A little known start-up that hails from Seattle and specialises in mobile network testing could change the way people buy their contracts and smartphone forever.
Speaking to ITProPortal last week, the CEO of RootMetrics, Bill Moore, and the head of its UK operations, Greg Kleven, detailed how the company will bring its hybrid-crowdsourcing solution to the UK market by the end of the year, measuring the five main networks against each other (mobile virtual network operators like Virgin and TalkTalk are not included because they share networks with four of the major operators).
RootMetrics operates in a way similar to Google Street View. It collects data using its own specially equipped vehicles that drive through cities and towns - so-called urban hotspots - as well as carrying out fixed indoor tests.
It then combines them with crowdsourced data from the thousands of Android and iOS users that have downloaded its free apps; more than 120 million data samples have been collected thus far, with more than 440,000 samples collected in Central London alone.
RootMetrics uses different sampling populations for UK and the US because of various population densities and says that by the end of 2012, up to 16 large urban zones, representing up to half of the UK population, will be covered, with LTE measurements starting soon as well.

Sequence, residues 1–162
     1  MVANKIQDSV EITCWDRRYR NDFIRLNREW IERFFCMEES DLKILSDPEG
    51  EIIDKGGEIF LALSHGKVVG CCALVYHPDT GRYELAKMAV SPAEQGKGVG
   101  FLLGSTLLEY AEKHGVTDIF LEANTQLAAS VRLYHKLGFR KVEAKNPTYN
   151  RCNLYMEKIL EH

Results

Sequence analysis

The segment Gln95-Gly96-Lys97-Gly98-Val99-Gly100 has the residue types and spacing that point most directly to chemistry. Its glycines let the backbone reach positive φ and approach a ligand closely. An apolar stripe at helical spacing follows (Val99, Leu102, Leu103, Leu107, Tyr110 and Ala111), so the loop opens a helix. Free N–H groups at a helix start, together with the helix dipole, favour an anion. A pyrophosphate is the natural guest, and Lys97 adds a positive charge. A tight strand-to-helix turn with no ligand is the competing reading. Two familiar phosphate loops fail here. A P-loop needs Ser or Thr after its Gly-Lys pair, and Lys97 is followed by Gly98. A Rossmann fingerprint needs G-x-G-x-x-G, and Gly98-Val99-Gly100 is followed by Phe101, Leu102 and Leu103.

The company is currently making some money out of advertising with mobile operators - who use RootMetrics’ data set to complement their own - making the bulk of its revenues.
Moore also confirmed that the company will expand into Europe in the future, a logical step given that it is already getting to know the major European mobile operators better in the UK.
Other interesting tidbits RootMetrics’ CEO shared with us include a significant disparity when it comes to performance between Android smartphones, LTE being faster than Wi-Fi in the US (on average) and a higher call failure rate in the UK compared to the US.
As for the future of the service, Moore hinted that there will be more types of testing, the ability to find out network performance on a particular route (e.g. for a commute) and even greater granularity when it comes to types of smartphones plus a wider range of tests (to include Wi-Fi, UDP and video as well as speed and experience) as well as two apps, one for consumers and one for techies.
Moore also shed some interesting light on the benchmarking and service hardware used. As it stands, only iOS and Android smartphones are used because they represent the bulk of the market with mobile platforms from Microsoft and RIM left out.
Perhaps more interestingly, he also confirmed that the company would explore a third revenue stream, one which will put it in direct competition with the likes of Recombu and Omnio. RootMetrics is working on a service that allows customers to search the perfect billing, smartphone and mobile phone operators in one swoop, not unlike what Mint.com does in the US.
This will, for example, allow users to tailor services for their own individual circumstances, down to their daily commute, the smartphone brand/OS they desire and what allowances (text, data or minutes) need to be prioritised.